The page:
There are two ways of playing in these elections to the European Parliament that make sense. You can, like Nigel Farage, be all-in for Brexit and trust that Leavers thoroughly hacked-off with the entire dismal process will use you as a vehicle for sending a message to Theresa May or you can, like the Liberal Democrats, take the opposite approach and declare “Bollocks to Brexit”, trusting that a wholly different group of hacked-off voters will use their pain to soothe yours.
By contrast, the approach taken by the Conservative party and, albeit to a lesser extent, the Labour party makes no sense at all. There are no prizes in this election for pretending Brexit isn’t the main event. Running away from it, or hoping it will magically disappear, isn’t going to work. The Tories may have the excuse that they’d rather these elections weren’t happening at all but the public is not in any mood to indulge any excuse-making. A hammering beckons.
Likewise, Labour continues to treat its own supporters as fools. A leadership entirely comfortable with Brexit continues to tease its own voters with the thought that if A happens in response to B and, subject to the conditions for C being met in the light of D, then E may yet seem a more plausible response to F which would in turn allow for G — a second referendum! — to take place. Believe in that and you’ll believe in anything.
If Labour avoid a drubbing this month it is only because the Tories are ahead of them in the queue. Even so, the local election results in England earlier this month confirmed something that has been obvious for a long time: the public think the Tories are a rabble but Labour is not trusted to replace them. Faced by a weak, divided, paralysed government Labour still contrived to lose seats all across England. In its way, this was a staggering achievement.
Someone’s misery is always someone else’s joy, however. In the local elections that meant a giddy night for the Greens and, in particular, the Liberal Democrats. Remember them? Just four years have passed since the Lib Dems were actually in government, years in which the party has generally taken the view that silence is the best form of abashed atonement. If we hide, the thinking appears to be, we will be forgiven.
This has always seemed feeble but, given the manner in which so many Lib Dem voters appear to think there is something grubby and disreputable about being in office – that’s not what we vote Lib Dem for! – it may have also been a reasonable response to the predicament in which the party found itself.
Even so, even the Lib Dems must break their silence eventually and in Brexit they have at last found a purpose and the beginnings of a voice. “Bollocks to Brexit” may not represent a highpoint in liberal thought but it captures something of the public mood nonetheless (and, just as importantly, guarantees rather more media coverage than a generic “Building for Britain and the Future” type of slogan might have).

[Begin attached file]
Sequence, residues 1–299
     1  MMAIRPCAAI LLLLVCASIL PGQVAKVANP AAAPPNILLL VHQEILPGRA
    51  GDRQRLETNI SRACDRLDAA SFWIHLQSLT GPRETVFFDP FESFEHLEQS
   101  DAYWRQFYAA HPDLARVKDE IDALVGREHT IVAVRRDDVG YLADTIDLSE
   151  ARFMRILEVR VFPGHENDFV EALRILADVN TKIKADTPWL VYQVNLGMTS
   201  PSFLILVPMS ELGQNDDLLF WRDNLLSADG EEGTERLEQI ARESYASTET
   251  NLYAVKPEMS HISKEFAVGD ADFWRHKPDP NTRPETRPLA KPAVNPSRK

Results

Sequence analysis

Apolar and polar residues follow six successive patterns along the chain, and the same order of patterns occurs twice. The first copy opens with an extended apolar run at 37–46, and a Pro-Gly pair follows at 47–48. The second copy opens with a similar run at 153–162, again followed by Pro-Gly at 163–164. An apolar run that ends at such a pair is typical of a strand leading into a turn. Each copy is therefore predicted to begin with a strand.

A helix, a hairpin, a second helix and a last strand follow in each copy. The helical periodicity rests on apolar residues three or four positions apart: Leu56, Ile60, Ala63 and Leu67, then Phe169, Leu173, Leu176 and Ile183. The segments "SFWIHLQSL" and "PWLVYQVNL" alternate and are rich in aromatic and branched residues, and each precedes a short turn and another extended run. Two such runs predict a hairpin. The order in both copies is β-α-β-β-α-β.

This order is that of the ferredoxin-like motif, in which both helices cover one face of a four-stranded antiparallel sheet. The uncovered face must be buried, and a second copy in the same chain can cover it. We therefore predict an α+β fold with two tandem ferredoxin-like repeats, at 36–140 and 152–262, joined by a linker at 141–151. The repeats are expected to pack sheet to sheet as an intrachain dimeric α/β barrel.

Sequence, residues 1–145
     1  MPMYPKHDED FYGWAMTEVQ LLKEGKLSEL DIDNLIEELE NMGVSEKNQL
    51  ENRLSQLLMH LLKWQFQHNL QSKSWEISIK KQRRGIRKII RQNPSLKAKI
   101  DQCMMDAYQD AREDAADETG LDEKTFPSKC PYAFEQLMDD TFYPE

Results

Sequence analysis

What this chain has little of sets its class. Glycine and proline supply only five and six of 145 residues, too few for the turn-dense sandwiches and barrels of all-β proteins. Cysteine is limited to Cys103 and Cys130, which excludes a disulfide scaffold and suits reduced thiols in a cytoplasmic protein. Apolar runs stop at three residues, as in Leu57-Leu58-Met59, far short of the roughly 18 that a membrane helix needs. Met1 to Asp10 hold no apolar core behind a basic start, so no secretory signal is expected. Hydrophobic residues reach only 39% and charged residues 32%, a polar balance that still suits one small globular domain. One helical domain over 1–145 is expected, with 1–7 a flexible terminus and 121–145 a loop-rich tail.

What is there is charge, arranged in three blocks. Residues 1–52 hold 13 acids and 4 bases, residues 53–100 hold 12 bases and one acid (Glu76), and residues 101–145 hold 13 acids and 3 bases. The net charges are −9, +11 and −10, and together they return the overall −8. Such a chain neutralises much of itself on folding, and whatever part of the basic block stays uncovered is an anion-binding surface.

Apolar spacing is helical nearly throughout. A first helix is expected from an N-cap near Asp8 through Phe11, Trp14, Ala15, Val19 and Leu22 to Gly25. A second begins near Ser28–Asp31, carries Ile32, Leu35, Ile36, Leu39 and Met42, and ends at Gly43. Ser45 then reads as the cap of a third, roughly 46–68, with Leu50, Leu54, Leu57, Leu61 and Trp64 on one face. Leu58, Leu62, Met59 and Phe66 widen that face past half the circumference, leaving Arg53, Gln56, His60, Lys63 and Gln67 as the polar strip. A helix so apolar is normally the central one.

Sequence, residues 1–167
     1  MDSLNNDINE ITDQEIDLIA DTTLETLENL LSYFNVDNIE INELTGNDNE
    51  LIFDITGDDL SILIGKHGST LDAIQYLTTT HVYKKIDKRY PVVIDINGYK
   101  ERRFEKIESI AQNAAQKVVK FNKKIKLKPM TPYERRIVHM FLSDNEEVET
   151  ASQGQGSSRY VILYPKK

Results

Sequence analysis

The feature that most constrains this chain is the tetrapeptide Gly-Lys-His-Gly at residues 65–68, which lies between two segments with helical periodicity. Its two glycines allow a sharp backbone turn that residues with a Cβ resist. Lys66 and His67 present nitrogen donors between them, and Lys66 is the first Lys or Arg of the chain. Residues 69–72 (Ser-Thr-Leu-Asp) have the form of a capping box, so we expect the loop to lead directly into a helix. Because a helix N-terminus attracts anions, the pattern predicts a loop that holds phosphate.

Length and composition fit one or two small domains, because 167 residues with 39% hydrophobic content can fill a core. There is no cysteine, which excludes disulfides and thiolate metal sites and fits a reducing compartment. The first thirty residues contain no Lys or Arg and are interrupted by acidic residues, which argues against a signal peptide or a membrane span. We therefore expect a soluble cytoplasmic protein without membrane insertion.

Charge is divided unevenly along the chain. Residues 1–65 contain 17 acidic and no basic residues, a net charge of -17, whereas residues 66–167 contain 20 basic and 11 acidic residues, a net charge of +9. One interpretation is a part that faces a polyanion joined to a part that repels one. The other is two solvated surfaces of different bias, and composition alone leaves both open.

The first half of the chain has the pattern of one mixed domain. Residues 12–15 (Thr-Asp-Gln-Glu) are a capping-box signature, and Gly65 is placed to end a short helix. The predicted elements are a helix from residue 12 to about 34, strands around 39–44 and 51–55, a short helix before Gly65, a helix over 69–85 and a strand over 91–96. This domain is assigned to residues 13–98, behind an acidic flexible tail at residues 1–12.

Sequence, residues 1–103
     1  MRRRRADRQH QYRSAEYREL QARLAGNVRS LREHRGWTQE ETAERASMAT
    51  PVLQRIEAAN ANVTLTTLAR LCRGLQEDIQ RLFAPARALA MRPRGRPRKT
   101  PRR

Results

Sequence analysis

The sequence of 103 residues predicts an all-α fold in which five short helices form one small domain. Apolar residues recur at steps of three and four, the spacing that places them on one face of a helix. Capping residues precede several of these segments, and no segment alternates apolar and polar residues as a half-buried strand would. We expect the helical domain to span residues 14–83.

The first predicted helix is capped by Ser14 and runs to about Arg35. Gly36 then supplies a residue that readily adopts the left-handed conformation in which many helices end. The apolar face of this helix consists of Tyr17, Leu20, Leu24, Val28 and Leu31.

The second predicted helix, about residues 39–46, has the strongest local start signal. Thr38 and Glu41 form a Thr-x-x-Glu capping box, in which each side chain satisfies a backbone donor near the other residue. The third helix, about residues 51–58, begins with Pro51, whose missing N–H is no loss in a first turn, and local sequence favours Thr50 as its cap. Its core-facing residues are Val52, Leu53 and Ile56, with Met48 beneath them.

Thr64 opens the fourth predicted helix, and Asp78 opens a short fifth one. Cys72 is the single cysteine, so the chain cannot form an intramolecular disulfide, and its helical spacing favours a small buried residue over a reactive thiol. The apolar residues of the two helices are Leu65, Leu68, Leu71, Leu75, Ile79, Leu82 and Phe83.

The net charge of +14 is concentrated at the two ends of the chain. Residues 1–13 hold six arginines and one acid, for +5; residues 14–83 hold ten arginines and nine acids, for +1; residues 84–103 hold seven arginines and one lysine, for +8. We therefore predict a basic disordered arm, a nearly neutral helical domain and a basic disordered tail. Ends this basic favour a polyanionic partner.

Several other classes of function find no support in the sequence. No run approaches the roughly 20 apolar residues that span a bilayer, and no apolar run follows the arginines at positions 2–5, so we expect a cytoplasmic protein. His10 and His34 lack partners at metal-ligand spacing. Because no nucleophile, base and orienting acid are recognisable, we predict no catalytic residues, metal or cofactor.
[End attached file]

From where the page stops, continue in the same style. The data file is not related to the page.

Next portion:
This, twinned with the Lib Dem revival in local government, gave me pause to think. And what I thought was that if the Lib Dems were led today by, say, Charlie Kennedy in his pomp or even the 2010 version of Nick Clegg then British politics might look and feel rather different. Because I strongly suspect a Lib Dem party of that type might be running neck and neck with both the Tories and Labour. It might even come first in some opinion polls.
There are millions of voters who have no time for this government and no time for Jeremy Corbyn either. They have to go somewhere. In some places, alternatives are available which is one of the many reasons why the SNP will win a handsome victory in Scotland this month. But across much of England the Lib Dems are the party best-placed to capitalise on the miseries afflicting both the traditional powers.
This is so despite the emergence of the Independent Group known this week as Change UK and, doubtless, to be known as something else next week. The Tiggers began with a simple proposition: Corbyn is not fit to be prime minister. This had the considerable merit of being true and truth remains an under-estimated commodity even in British politics. Nevertheless, the Tiggers have botched their own debut. It is easier to appreciate what they are against than what they are for. Increasingly Change UK feels like a lightweight operation.
Every action spawns a reaction and the impact of Change UK is felt in the centre, not on the right or left. And here we may discern something remarkable: the Tiggers have woken Vince Cable. The Lib Dem leader has hitherto been a narcoleptic presence in British politics; present but not awake. By contesting the centre ground, however, the Tiggers have reminded the Lib Dems that they too have a purpose.
“We’re still here” is the lesson of the local elections and one that applies to these European Elections too. If you don’t like Corbyn and you don’t like May you have an alternative and it is one whose name you may be able to remember. When Rachel Johnson, one of the higher-profile Tigger candidates, was asked on the Today programme this morning what distinguished her party from the Lib Dems there ensued what tradition demands we deem an awkward silence.
This ought, then, to be a Liberal Democrat moment. Conditions for protest could scarcely be better. That should not be confused with a manifesto for government or even for coherent opposition but, in the present circumstances, it ought to be more than enough. And enough, too, to make you think how much better the Lib Dems might fare with active leadership. That, in turn, might prod or prompt the Conservatives and Labour back towards the moderation each has abandoned in recent times. The alternative voice, it turns out, has always been there even if you have, with reason, struggled to hear it.